Stroke and Vascular Units
Mixed stroke unit
The mixed stroke unit (MSU) is the adequate hospital area to specialized care for patients with stroke, with defined physical area and hospital beds used in the treatment of patients with stroke with clinical status already stabilized but still in the acute phase, starting rehabilitation early (is not intended for thrombolysis). The service is provided by an interdisciplinary team, coordinating the use of medical procedures, rehabilitation, educational and social procedures aiming to achieve the best functional outcome.
The mixed stroke unit should have a technical manager characterized by a physician with the specialist degree provided by the Brazilian Academy of Neurology or a certificate of a residency program in Neurology, supported by the Medical Residency Program, recognized by the MEC. The chief Neurologist responsible for the MSU should do at least a weekly visit to all hospitalized patients, recorded at the medical charts and report, and train the entire team that will care for the patients. He will also be legally responsible for the MSU. The MSU should have sufficient staff able to attend for clinical complications at the ward must have a weekly outpatient clinic. The unit must have their own guidelines and routines, written, updated annually and signed by the Chief Neurolosgist.
1.Equipe Basic Health:
a.Neurologist: physician with the specialist degree provided by the Brazilian Academy of Neurology or a certificate of a residency program in Neurology, supported by the Medical Residency Program, recognized by the MEC, which is allowed to be the MSU chief.
b.Clinician: physician with the specialist degree provided by the relevant specialist medical society recognized by the Brazilian Medical Association - BMA or a certificate of a residency program in Neurology, supported by the Medical Residency Program, recognized by the MEC c.Nurse: the team must have a nurse coordinator with stroke care trainning. Also must have nurses, nursing technicians and nursing assistants in sufficient quantity to meet the ward, all trained for stroke treatment.
e. Occupational Therapist
f.Phonoaudiologist: capable of swallowing and language rehabilitation.
h. Social Assistent
2. Complementary Health Team (multidisciplinary team):
The unit should have a permanent or reachable team characterized by:
c. Vascular surgeon
d. Interventional Neuroradiologist: radiologits, neurosurgeon or neurologist with the certificate of interventional neurology residency program recognized by the MEC.
3. Specific physical installations:
The MSU should have rooms suitable for patients with disabilities (adaptations in bathrooms, carpet grip, lifted toilet seat and safety bars), caged beds, chair for early withdrawal of the patient"s bed. At least 40% of the beds should be monitored. Sufficient staff to care for outpatient clinic.
4. Complementary installations:
a. Local physiotherapy service or outpatient referenced center;
b. Speech rehabilitation service or outpatient referenced center.
The Vascular Unit (VU) is a unit with defined physical area and its own medical staff within the Emergency Department with specific beds for the care of patients with acute vascular diseases: stroke, acute coronary disease, pulmonary embolism and acute aortic syndromes. It combines in one physical space the benefits of a chest pain unit and stroke unit. The primary objective of the Vascular Unit is to make faster, easier and safer the treatment of acute vascular diseases in emergency departments constantly overcrowded.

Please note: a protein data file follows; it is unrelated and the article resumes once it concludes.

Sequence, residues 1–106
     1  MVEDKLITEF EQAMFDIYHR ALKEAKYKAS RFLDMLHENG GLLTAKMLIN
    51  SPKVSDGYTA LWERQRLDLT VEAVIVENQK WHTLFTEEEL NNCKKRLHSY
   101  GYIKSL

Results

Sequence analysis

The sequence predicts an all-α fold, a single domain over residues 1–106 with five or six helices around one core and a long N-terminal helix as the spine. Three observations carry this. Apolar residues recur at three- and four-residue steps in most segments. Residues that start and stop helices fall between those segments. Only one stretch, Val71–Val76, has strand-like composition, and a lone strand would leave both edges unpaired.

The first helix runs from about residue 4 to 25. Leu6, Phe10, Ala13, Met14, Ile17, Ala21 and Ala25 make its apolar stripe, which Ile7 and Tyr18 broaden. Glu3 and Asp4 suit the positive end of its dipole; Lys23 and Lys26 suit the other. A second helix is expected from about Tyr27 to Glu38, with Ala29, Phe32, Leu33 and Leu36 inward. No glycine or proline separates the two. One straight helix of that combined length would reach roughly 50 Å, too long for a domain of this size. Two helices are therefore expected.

The VU must have high turnover and treatment guidelines similar to an intensive care unit. Mostly concerning the adoption of routines employed in critical care and not for the sophisticated equipment required. Caged beds, one multiparameter patient monitor, oxygen support and 2 infusion pumps per bed are the highest required sophistication. The most important is the coordinated set of actions leading to the best care, especially the integration of multidisciplinary team. What makes the difference is well a trained staff. Rapid laboratory tests, hemodynamic and radiology services and acute care for the clinical complications is essential. Recognize and treat the patient with hemodynamic instability, severe hypertension, respiratory arrest or change in the sensory level are skills that the VU team must possess. The implementation of a VU routine has a positive impact on the quality of patient care.
The VU, unlike the rest of the emergency, should have a limited number of beds, ideally 3-5 beds. The VU should be connected by telephone with the reception, collecting, laboratory, radiology and hemodynamics. Specialists teams (cardiology, neurology, neurosurgery, hemodynamics, vascular surgery, pulmonology) should provide technical support 24 hours per day at least on demand to guide the specific treatment. Emergency physicians, intensivists or physicians with emergency medicine should be trained to manage patients with acute stroke and its complications. In addition, nurses and nursing technicians should also be trained for routine stroke care. All these actions are justified to reduce the time between the beginning of symptoms and thrombolysis initiation. Stroke patients usually stay 24-48 hours at the VU. The quality indicators should be measured considering the time between the beginning of symptoms and thrombolysis initiation (if applicable), hospitalization need, ICU need, mortality, rate of symptomatic cerebral bleeding and the proportion of patients with minimal or no disability at 3 months .